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From Serge Knystautas <ser...@lokitech.com>
Subject Re: DBCP status?
Date Tue, 01 Jul 2003 02:18:56 GMT
David Graham wrote:
> The problem was that DBCP was trying to track and recover abandoned
> connections.  This isn't just an implementation problem, it's a philosophy
> problem.  Pool semantics dictate that client applications behave properly
> when checking out and returning pool resources.  The pool is absolutely
> not responsible for fixing poorly behaving applications.  This led to
> bugs, questions, convoluted inheritance hierachies/code, and promoted the
> idea that users didn't have to bother writing their applications properly
> because the pool would fix their apps for them.
> 
> The pool should keep track of how long a connection has been checked out
> and log a message when it passes some configurable threshold but it should
> never try to grab the connection back from the application.

I agree trying to recover connections is bad.  I've found it leads to 
problems that don't show up during a test phase become very confusing 
and challenging problems in production once under high-load.

The approach I took was this....
a) support an optional max-active time threshold, which means there is a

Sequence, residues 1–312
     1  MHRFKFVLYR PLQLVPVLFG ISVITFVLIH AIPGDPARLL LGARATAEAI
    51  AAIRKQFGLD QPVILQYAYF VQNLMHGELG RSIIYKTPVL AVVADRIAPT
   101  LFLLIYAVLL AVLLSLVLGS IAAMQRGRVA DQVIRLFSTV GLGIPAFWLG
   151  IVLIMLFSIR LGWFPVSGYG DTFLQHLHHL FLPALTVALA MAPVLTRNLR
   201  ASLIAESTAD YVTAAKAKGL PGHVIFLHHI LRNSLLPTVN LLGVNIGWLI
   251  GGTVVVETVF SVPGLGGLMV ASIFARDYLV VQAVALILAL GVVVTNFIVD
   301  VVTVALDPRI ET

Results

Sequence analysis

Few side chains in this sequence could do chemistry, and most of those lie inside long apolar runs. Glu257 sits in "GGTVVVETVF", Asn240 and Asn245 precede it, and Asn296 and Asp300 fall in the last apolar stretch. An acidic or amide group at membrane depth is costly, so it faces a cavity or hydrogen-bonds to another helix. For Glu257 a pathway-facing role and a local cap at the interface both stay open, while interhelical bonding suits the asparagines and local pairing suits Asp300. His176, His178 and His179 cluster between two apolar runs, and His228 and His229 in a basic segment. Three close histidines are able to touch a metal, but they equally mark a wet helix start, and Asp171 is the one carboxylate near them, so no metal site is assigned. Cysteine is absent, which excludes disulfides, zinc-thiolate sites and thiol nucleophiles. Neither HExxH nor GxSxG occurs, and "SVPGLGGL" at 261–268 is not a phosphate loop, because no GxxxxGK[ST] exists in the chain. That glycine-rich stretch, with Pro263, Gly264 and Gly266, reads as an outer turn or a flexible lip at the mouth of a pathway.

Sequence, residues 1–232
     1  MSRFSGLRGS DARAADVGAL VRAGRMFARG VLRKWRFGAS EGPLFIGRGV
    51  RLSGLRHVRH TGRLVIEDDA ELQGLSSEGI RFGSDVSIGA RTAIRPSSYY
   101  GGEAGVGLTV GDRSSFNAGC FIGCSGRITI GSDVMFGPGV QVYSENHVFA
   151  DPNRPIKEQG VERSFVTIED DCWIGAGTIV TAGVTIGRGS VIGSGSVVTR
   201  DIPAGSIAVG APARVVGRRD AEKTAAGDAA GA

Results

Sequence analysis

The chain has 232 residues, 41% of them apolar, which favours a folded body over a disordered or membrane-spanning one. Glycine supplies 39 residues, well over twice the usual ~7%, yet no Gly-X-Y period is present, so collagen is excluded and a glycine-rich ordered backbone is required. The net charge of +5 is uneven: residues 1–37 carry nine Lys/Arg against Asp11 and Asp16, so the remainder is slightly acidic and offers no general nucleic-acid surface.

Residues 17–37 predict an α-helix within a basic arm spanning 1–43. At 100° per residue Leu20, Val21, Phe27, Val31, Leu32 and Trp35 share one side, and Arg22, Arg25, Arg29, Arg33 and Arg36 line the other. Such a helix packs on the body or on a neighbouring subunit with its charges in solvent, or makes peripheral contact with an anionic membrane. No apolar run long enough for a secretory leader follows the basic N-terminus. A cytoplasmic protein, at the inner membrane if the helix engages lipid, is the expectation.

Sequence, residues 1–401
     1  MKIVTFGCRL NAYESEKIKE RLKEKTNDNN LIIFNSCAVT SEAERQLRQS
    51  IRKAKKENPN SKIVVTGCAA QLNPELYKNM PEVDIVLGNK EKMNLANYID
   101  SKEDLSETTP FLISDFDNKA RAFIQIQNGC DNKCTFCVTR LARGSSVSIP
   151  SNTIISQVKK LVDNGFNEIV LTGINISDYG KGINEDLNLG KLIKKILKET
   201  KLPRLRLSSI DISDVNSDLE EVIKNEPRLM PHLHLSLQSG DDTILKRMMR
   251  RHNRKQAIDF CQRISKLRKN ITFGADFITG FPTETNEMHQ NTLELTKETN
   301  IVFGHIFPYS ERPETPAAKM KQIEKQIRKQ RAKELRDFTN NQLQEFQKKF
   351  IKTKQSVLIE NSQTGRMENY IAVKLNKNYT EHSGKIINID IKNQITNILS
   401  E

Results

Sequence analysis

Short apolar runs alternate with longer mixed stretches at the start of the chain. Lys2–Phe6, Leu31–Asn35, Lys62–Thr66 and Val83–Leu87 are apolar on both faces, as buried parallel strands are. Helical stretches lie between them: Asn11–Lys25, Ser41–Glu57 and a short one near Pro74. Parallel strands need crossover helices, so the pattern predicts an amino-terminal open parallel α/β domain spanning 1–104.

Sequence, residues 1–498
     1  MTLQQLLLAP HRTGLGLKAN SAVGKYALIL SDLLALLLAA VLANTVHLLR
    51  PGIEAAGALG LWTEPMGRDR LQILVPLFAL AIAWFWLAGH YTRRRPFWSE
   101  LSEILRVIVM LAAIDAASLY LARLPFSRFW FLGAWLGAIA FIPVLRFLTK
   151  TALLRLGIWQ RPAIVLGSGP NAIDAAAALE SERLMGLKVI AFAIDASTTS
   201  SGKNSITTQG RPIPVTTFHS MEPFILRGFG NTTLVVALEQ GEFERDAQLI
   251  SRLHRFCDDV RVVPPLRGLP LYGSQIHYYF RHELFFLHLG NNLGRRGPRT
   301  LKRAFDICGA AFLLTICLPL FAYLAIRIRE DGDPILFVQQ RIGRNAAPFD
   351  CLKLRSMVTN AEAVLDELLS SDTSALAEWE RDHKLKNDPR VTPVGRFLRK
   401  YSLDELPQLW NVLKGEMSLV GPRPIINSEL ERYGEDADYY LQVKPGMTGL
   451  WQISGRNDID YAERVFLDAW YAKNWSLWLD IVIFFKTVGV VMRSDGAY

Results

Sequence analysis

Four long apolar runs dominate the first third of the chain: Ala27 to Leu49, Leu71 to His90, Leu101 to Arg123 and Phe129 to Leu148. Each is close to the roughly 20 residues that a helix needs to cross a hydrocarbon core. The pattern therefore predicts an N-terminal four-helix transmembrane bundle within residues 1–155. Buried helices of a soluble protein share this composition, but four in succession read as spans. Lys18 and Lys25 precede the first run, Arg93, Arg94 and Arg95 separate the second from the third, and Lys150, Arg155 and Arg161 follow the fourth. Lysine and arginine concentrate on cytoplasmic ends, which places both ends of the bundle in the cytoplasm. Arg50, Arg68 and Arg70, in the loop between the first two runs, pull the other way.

time limit to how long a connection can be marked as in use.
b) if this threshold is exceeded, you close the connection.  The value 
of trying to return it to the pool is minimal, while the downside of 
returning a mid-transaction/statement connection to a pool is very bad 
and nearly impossible to track down.
c) support an optional debug step that will create a Throwable when 
getConnection is called.  Then if the max-active threshold is hit, we 
can print the stack trace of where the aged connection was grabbed, and 
in development/testing, quickly resolve the errant connection.

Does this seem reasonable?

-- 
Serge Knystautas
President
Lokitech >>> software . strategy . design >> http://www.lokitech.com
p. 301.656.5501
e. sergek@lokitech.com


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